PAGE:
The University of Santo Tomas (UST), along with five other schools, was among of the first schools that have been retrofitted to be safe spaces as it served as a vaccination site for the country’s first wave of vaccination (3). After following stringent health protocols, and approval, UST opened its face-to-face classes for clinical clerks on June 9, 2021 (4).

Of course, there were a number of things that were expected to be different when having your clerkship during a pandemic, as shared by our own Regent’s Scholarship Program recipients:

“Clerkship was definitely the one I'm looking forward to during medical school. It is by this time that we, clerks, will feel like we are actual doctors, taking care of an actual patient. However, because of this pandemic, all of these expectations have changed. Instead of having real patients, we have cases made for a specific condition, then we report the case as a group. Most of our activities were done this way, and somehow, our history taking and physical exam skills were not well developed. Even though our professors had done their best to make this clerkship the best as it could be, there are still some areas that face- to- face clerkship cannot replace.”  Carmela Niña Tormo, Class of ‘21

This is very different because we were not able to face actual patients, which we are all looking forward to, come our 4th year of Medicine. Since the pandemic started, we resorted to online means of learning, which is undeniably far less ideal than what we should have accomplished if we had face- to- face clerkship. However, given the situation, online clerkship is the best way to contribute in helping to lessen the number of cases in the country and continue learning despite the limitations brought about by the pandemic.” Cloie Anne Rabinetas, Class of ‘21

Yet, despite all the challenges they faced during this time, our graduates persevered. Through hardships, doubts and anxieties, many have pushed through with the help and support of their family, friends, fellow students and even professors, as they remained enthusiastic all through-out.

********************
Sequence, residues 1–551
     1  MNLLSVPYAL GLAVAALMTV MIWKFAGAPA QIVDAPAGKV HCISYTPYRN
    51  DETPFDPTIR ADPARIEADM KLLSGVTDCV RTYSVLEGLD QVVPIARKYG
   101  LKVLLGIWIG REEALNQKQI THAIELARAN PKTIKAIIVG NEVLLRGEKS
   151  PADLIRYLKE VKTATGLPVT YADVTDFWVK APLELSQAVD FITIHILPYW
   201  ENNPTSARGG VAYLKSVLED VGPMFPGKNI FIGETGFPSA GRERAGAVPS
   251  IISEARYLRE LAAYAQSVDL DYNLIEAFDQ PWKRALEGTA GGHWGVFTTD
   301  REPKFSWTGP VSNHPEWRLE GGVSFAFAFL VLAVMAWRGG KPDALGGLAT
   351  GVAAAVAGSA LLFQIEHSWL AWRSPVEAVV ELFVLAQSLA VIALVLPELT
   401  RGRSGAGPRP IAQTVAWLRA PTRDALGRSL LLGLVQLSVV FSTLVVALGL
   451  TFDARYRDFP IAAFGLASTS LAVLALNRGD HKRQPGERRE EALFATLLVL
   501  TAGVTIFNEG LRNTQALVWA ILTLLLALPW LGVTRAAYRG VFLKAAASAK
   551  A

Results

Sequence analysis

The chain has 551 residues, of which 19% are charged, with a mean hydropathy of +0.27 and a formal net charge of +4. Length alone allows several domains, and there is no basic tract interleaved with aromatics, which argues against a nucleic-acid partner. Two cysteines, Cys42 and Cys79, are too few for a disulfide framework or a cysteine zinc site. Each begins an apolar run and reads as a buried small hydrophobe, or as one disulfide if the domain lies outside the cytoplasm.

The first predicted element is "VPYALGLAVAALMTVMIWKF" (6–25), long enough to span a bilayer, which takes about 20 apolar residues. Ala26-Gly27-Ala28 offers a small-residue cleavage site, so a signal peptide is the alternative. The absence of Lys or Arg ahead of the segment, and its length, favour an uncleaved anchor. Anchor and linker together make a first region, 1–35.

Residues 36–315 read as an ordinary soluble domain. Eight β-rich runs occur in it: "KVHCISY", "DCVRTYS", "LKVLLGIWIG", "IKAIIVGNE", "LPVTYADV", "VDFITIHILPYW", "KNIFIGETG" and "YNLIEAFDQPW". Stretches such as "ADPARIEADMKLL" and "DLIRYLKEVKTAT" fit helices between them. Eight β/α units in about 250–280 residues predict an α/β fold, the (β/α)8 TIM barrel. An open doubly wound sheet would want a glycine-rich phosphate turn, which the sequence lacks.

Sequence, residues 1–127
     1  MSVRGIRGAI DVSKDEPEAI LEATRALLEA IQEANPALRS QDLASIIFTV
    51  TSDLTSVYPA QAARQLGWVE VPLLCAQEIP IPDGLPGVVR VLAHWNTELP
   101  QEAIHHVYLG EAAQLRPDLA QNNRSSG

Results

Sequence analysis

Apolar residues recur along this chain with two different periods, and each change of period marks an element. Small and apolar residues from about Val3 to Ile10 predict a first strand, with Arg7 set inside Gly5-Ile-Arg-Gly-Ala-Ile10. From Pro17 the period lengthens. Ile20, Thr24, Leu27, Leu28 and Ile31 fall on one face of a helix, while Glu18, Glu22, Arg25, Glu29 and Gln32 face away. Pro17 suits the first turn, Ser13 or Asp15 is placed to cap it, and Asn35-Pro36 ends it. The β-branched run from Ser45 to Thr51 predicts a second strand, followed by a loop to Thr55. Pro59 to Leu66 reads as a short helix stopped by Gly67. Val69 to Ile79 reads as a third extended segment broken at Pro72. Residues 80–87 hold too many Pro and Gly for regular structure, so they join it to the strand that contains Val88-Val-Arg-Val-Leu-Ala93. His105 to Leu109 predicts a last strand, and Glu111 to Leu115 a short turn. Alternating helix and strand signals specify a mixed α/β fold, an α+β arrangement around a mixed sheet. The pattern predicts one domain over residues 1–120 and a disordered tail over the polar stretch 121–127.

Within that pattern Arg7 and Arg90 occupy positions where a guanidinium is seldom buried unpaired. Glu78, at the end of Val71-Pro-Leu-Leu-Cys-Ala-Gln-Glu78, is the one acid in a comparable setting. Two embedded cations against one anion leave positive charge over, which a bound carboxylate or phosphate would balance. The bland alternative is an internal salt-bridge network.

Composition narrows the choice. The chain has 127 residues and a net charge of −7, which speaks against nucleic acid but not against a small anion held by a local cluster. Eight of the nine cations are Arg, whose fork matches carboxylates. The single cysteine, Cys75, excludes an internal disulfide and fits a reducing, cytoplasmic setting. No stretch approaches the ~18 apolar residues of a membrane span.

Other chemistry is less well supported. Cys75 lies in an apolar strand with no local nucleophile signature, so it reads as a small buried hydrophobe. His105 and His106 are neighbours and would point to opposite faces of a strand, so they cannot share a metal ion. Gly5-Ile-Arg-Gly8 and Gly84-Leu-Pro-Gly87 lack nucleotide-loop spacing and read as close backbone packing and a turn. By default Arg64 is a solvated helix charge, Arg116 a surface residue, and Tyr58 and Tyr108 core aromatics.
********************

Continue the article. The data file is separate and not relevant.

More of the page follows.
Cloie, like many of her fellow graduates, her experience doing clerkship in a pandemic made her realize several things, but most importantly the need for medical professionals- especially doctors, to rise above what seems to be insurmountable circumstances.

 

Photos by Carmela Tormo

 

(1) Timeline: Covid-19 in the Philippines - SUNSTAR
(2)https://link.springer.com/article/10.1007/s40670-021-01231-z
(3)https://ched.gov.ph/24-colleges-universities-approved-to-re-open-for-limited-face-to-face-classes/
(4)https://www.gmanetwork.com/news/news/metro/790775/ust-s-faculty-of-medicine-starts-limited-face-to-face-classes/story/

 

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USTMAA: UmaALALAY sa Panahon ng Pandemya

The UST Medical Alumni Association  launched its USTMAAalalay program on May 2019. This is an accompanying program of the Alumni which aims to bring together the alumni and  USTFMS’ medical students  through various programs.  ALALAY  is an  acronym  for “Alay, Lingap, Aruga, Lingkod, Akbay , Yakap”.  Various activities have been identified to foster camaraderie,  and a sense of belongingness. Apart from the yearly homecomings the alumni look forward to, USTMAA has initiated activities to let its alumni  and the medical students feel the love of the Tomasinong Manggagagamot. The freshmen are welcomed with a ceremonial pinning of the nameplates during their orientation day.  The Alumni Association has supported the  medical students’ advocacies  and  Welcome walk and baccalaureate activities. Along with the UST FMS Administration, USTMAA has been part of the send-off mass and activities  as the Thomasians take the  Physician Licensure Examinations. Part of the  PLE kit   are  rosaries, pencils, sharpeners and small notes of encouragement dubbed as NAKS ( Notes from  Ates and Kuyas)  from the medical  alumni. Initiated by Class 1986, the El Fuego Tomasino, a  festive bonfire ceremony is held  to welcome  the new Thomasian doctors  and board topnotchers, a week after the PLE result is out.  USTMAA likewise forms a network of referrals for  the doctors as they pursue their medical careers here or in different parts of the world. As part pf providing medical service to the alumni, home visits are also  done  to those  who are  physically incapacitated because of their illness.